Why the Greek Tragedies Still Matter

bristol-classics-greek-tragedy-bundle“Try to exclude the possibility of suffering,” wrote C.S. Lewis in The Problem of Pain, “and you find that you have excluded life itself.” We have always suffered; we have always tried to cope. That urge to understand suffering is what’s behind one of humanity’s richest literary traditions—tragedy.

The classical Greek tragedies are the bedrock of the form: just as Socrates, Plato, and Aristotle shaped philosophy, Aeschylus, Sophocles, and Euripides shaped drama. Noet’s Bristol Classic Greek Tragedies Bundle gives you some of their most important works, including Sophocles’ Oedipus Tyrannus and Aeschylus’ Oresteia trilogy. These compelling stories and penetrating insights into human nature still resonate today.

For a limited time, you can pre-order these tragedies for $45 off. The Pre-Pub price goes up on June 5­—claim yours right now.

Know the most important Greek tragedians

Some eras produce astonishing leaps forward in art and science. Socrates, Plato, and Aristotle were of one time; so were Leibniz and Newton, who independently invented calculus. Likewise, Aeschylus, Sophocles, and Euripides all worked in roughly the fifth century BC.

  • Aeschylus is widely regarded as the father of drama. Though he obviously worked before the time of Christ, he’s deeply concerned with themes common to Christian art: good and evil.
  • Sophocles defeated Aeschylus in a drama competition in 486 BC. He went on to dominate the world of drama for the next 50 years, winning some 24 out of 30 competitions. In his Poetics, Aristotle alludes to Sophocles’ Oedipus the King as the highest achievement in tragedy.
  • Euripides defeated Sophocles in a competition in 411 BC, and went on to introduce innovations that have informed tragedy down to modern times. Before him, tragic heroes were nearly mythical figures; after, they were ordinary people in extraordinarily trying circumstances.

When you read a tragedy like Hamlet or Othello—one in which actions have consequences and, simultaneously, fate acts as an almost blind force; one in which the tragic hero is imprisoned in a cage of his or her own making—you’re reading a story with roots in the works of these ancient Greeks.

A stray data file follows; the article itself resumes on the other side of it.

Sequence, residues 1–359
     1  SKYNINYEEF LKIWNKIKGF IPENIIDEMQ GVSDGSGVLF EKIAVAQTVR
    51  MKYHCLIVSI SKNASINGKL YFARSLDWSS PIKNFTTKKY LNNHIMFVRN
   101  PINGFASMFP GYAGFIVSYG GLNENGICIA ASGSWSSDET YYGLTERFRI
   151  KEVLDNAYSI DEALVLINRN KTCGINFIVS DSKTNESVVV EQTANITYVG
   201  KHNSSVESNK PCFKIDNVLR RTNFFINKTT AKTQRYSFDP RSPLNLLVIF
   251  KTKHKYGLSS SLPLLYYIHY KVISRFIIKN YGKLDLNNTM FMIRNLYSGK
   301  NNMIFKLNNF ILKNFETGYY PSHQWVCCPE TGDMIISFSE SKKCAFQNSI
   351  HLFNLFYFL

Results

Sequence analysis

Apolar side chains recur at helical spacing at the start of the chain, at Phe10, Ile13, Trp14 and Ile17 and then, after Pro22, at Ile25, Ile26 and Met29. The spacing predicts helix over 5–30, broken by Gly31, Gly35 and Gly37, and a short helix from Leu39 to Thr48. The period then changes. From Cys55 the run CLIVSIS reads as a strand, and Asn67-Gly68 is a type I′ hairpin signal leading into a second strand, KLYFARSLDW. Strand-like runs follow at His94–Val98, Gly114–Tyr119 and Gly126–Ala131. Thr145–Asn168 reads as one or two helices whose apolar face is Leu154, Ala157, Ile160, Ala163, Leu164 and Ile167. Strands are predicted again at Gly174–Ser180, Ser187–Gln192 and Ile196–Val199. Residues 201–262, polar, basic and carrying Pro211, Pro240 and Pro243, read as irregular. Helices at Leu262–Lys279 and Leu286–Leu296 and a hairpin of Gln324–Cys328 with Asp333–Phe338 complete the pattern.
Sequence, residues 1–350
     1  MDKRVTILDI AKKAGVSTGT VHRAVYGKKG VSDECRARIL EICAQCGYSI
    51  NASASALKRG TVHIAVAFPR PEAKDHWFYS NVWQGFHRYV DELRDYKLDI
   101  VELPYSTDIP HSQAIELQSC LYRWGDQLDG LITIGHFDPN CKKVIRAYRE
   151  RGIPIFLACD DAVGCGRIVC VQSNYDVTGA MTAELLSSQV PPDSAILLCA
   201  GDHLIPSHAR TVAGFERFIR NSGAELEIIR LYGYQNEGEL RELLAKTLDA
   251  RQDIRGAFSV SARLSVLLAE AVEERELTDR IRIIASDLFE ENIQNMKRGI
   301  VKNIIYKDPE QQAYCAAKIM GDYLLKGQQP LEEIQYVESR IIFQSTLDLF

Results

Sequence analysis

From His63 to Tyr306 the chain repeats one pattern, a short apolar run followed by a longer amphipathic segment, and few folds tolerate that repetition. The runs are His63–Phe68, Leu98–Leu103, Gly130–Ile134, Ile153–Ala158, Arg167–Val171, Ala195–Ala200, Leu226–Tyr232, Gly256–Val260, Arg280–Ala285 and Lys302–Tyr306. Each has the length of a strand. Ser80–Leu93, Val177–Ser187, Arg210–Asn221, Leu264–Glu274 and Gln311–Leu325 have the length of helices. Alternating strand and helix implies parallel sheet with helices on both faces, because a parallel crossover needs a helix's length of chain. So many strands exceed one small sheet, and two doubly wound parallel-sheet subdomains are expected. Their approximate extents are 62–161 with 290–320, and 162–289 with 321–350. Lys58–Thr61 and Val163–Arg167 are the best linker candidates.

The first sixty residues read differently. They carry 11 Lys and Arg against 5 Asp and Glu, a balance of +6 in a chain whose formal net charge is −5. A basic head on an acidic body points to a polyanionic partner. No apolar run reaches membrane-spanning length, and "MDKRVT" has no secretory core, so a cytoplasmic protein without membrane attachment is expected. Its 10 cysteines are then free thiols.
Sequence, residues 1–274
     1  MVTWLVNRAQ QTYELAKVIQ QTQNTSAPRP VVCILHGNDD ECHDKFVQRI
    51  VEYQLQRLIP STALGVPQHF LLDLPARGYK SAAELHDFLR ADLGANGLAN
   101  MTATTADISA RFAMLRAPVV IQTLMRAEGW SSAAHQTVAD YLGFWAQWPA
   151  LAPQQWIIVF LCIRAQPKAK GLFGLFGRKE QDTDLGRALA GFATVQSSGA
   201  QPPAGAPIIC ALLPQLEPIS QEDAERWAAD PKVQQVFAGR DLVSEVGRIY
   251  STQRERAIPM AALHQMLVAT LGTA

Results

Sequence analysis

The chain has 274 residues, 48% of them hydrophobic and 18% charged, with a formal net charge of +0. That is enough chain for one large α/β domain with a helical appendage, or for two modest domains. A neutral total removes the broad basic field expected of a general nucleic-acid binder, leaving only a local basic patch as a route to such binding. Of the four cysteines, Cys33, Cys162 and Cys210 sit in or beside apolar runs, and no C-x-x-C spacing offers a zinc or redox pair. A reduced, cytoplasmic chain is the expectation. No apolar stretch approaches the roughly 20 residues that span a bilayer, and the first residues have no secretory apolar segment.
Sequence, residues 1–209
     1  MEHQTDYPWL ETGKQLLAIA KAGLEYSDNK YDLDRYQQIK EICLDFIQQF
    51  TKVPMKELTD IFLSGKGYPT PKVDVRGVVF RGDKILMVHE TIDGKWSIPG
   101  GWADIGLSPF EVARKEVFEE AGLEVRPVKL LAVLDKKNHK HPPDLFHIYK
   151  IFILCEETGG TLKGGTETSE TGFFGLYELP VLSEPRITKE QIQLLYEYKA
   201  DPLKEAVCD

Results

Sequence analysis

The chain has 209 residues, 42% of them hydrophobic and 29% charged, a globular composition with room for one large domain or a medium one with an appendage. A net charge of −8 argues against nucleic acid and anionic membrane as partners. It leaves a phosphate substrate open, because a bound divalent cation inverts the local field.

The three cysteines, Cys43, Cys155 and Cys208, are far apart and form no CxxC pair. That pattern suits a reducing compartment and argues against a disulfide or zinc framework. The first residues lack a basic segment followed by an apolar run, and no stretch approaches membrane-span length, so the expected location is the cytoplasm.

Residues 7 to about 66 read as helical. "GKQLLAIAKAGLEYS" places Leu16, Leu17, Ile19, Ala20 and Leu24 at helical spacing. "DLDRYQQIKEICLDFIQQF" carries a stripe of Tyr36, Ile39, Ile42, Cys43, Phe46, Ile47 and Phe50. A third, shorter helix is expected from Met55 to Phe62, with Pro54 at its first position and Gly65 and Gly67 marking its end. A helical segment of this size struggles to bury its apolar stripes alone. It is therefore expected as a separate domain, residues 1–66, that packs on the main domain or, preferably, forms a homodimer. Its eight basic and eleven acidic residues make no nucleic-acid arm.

Pre-order right now for the best price

The Greek Tragedy Bundle’s Pre-Pub price is going up in just two days; after that, it won’t be on Pre-Pub for much longer. You’ll never see a better price than this.

Know the classics: pre-order the Bristol Classics Greek Tragedies Bundle for $45 off.

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3 Responses to “Why the Greek Tragedies Still Matter”

  1. David Knoll June 4, 2014 at 1:24 pm #

    Don’t we have the Jebb commentaries in Perseus?

  2. David Knoll June 4, 2014 at 3:06 pm #

    Aren’t the Jibb commentaries included in Perseus?

  3. David deSilva June 5, 2014 at 7:59 am #

    I’m glad to see Logos promoting these texts. When I was writing my dissertation back in 1994 I watched or listened to the Oedipus trilogy at least four times (this was a fabulous production starring Michael Pennington, John Shrapnel, Claire Bloom, John Gielgud, Juliet Stevenson, etc.) and gleaned so much from it about the cultural and social values of classical Greece. Add to that the fact that these were the “classic repertoire” of theaters in the ancient world, and their importance as background for the study of the Hellenistic and Roman periods (and thus the New Testament and the world of the early Christians) becomes even more evident. Plus, these are just great plays! Aeschylus is a little stilted (Aristophanes was right about him), but Sophocles and Euripides write gripping tragedies. Try the latter’s “Medea” or “The Bacchae” for some classic entertainment.

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